A native of Texas, Jessica Gullett is graduating with her PhD in fall 2017. Her work focuses on deciphering how bacteria monitor their surroundings, including the characterization of a universal membrane protein that could represent a novel antimicrobial target. Bacterial antibiotic resistance is a growing global health concern because an increasing number of pathogenic bacterial strains have developed resistance to antibiotics, making treatment more invasive and costlier for patients. Various clinically relevant antibiotics used to treat pathogenic bacteria specifically target bacterial membranes.
Membranes, which form barriers between the inside of the cells and the outside environment, are essential to cell viability. Jess identified a protein that contributes to the cell’s ability to modulate its membrane’s permeability to various molecules and chemical agents. Because of its role in bacterial membrane permeability, this protein could be a potential drug target to aid efforts in the fight against antibiotic resistant “superbugs.”
Growing up, Jess was the model literary student, always excelling in English classes, but not really enjoying any of her science classes. Getting a PhD in a scientific discipline was not on her radar. A chance opportunity to participate in an undergraduate research project led her to discover she enjoyed the power of scientific inquiry and especially, how experimental design can lead to often unexpected yet insightful answers.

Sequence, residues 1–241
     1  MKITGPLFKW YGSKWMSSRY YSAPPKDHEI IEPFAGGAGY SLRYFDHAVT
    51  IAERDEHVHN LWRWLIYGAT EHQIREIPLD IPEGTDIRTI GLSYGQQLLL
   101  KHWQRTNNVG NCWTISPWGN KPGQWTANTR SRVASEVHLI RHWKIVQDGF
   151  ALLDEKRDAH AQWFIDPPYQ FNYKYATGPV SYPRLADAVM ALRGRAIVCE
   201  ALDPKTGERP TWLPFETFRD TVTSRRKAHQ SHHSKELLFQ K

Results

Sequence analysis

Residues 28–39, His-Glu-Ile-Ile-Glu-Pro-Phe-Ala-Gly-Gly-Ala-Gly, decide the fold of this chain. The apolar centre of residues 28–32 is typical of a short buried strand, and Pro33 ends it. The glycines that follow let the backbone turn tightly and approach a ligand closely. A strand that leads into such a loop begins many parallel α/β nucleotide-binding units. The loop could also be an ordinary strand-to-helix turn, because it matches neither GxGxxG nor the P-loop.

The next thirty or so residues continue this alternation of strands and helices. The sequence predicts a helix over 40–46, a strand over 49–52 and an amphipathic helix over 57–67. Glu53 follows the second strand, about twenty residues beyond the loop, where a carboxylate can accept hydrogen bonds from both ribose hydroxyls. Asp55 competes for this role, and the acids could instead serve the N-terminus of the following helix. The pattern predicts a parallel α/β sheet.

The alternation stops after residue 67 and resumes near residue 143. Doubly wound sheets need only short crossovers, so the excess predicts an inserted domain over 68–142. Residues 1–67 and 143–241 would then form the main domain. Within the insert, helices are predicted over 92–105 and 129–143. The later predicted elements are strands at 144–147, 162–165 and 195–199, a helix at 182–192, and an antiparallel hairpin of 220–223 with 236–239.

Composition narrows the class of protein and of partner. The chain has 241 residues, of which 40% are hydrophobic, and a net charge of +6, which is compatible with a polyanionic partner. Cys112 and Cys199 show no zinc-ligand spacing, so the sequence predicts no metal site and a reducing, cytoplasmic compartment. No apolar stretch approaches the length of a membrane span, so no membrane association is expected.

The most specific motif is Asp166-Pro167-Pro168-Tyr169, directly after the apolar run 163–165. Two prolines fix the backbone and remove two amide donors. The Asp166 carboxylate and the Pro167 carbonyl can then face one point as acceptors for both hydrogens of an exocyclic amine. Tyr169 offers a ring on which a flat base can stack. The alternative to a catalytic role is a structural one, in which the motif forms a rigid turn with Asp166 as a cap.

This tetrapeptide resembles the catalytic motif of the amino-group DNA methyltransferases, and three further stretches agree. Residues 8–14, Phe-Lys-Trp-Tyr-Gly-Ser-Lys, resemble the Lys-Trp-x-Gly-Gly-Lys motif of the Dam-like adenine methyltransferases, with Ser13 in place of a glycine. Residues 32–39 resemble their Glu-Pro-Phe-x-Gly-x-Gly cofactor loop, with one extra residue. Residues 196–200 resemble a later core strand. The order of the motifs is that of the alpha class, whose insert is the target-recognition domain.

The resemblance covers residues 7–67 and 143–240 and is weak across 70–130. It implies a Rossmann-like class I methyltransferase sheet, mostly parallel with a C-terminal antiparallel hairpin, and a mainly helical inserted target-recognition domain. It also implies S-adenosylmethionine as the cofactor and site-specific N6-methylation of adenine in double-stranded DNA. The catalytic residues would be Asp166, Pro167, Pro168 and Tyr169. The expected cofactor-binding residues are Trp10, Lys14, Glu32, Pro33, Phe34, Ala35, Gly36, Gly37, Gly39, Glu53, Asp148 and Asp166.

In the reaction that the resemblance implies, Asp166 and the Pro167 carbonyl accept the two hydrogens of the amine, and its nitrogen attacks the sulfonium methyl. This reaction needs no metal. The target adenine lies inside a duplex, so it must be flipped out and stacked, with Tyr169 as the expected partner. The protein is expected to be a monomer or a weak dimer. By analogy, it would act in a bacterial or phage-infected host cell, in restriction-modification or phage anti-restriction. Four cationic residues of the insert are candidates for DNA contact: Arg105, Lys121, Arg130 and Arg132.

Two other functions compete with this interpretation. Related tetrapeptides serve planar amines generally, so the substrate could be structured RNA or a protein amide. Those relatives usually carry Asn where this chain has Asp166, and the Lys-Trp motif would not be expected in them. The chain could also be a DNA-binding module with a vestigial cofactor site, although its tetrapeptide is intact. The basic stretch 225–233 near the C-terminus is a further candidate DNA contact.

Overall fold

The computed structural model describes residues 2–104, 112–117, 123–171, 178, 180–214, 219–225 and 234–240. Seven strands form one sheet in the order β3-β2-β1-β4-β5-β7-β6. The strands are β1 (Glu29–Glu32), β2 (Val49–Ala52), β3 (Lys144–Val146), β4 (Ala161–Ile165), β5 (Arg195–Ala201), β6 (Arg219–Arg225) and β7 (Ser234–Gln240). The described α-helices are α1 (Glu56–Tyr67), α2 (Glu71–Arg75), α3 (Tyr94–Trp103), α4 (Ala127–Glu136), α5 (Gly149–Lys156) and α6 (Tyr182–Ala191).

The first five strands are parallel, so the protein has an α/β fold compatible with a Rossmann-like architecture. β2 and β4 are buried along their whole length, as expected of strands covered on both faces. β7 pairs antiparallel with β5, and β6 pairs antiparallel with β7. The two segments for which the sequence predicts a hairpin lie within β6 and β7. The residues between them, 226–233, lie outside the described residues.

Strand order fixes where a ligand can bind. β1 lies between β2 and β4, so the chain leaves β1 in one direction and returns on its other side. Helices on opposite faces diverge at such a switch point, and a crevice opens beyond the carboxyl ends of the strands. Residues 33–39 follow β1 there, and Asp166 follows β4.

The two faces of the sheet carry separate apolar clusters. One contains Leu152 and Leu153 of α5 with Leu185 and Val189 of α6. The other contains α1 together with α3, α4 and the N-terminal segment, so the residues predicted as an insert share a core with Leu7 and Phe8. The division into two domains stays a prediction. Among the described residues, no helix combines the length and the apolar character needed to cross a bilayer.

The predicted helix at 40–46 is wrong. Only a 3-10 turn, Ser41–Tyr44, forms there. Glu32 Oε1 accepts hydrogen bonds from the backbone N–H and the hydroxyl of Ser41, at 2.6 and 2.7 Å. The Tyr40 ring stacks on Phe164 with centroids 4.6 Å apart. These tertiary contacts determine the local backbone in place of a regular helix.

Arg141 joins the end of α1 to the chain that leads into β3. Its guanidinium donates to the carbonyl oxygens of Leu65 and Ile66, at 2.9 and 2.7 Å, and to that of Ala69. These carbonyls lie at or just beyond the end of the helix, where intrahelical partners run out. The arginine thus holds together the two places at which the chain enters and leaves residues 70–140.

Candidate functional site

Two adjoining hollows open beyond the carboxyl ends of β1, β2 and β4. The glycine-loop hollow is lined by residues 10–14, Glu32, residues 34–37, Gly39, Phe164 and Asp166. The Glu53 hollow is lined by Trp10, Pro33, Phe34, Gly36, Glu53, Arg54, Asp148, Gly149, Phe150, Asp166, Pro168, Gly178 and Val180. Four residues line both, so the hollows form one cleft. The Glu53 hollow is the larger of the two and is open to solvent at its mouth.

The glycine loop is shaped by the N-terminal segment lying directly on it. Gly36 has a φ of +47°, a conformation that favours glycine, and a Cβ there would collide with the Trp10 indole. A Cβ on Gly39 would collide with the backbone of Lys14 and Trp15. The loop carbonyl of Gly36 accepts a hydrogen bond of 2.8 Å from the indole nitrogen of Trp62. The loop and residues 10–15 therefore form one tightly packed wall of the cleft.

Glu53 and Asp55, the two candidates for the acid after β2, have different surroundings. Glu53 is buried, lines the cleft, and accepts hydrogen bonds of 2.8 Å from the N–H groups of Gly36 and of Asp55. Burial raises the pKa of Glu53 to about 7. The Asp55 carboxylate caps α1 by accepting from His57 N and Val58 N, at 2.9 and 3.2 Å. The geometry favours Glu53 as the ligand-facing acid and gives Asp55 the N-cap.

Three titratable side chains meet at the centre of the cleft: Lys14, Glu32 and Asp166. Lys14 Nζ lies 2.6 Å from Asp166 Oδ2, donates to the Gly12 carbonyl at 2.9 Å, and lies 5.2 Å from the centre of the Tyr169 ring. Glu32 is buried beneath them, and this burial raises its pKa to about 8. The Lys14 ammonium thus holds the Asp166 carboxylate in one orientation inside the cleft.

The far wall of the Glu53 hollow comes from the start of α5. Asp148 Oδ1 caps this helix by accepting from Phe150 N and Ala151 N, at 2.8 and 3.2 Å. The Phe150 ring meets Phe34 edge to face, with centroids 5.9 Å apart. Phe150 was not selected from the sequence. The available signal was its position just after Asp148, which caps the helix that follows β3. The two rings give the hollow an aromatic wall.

“Usually the answer you find leads to the next exciting question,” Jess says.
One of the exciting things she gets from her research is the challenge of continually reframing the research hypothesis as the results are obtained. This is an intellectual adventure where not two days are alike. Her doctoral work is a perfect example. She started working on a group of proteins that control how soil bacteria move about their environment and ended up working on a protein that is implicated in bacterial lipid metabolism and membrane fluidity.
Jess views her scientific contribution as a puzzle where each scientific discovery contributes a piece, of various size, to a big puzzle. As often said by other scientists who carry out basic research, the specific contribution of any finding and impact of any one’s research is often not obvious or fully realized immediately even by the researcher him/herself. The most valuable skill Jess gained through her research is the ability to think critically, which she hones daily, applies to all situations she faces, whether in the research lab or in her personal life.
After graduation, Jess will be moving to Memphis as she has accepted a postdoctoral position at St. Jude Children’s Research Hospital in the Department of Infectious Diseases where she will continue to perform basic research that will be applied to a clinical setting.